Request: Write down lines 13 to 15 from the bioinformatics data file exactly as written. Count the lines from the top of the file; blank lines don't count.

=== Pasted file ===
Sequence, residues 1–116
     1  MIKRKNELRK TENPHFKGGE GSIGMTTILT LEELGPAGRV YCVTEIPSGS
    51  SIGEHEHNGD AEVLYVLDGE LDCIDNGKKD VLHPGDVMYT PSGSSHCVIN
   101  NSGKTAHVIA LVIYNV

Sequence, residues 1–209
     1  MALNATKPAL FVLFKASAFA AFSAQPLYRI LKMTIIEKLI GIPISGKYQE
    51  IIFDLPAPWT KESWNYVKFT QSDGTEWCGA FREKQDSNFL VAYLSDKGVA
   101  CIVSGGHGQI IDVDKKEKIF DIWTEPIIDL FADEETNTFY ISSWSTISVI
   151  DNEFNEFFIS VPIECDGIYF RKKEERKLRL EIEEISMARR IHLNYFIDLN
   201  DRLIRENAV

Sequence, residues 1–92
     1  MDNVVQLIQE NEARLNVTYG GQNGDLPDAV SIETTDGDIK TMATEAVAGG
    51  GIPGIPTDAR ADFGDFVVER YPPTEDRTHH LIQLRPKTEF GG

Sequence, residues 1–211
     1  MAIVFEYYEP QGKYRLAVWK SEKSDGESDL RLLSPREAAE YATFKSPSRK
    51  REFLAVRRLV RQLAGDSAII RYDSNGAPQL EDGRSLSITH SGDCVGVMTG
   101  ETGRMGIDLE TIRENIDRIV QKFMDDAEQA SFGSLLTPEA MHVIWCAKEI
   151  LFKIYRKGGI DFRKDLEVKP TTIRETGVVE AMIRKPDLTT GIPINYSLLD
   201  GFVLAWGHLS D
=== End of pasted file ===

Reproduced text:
    51  GIPGIPTDAR ADFGDFVVER YPPTEDRTHH LIQLRPKTEF GG

Sequence, residues 1–211
     1  MAIVFEYYEP QGKYRLAVWK SEKSDGESDL RLLSPREAAE YATFKSPSRK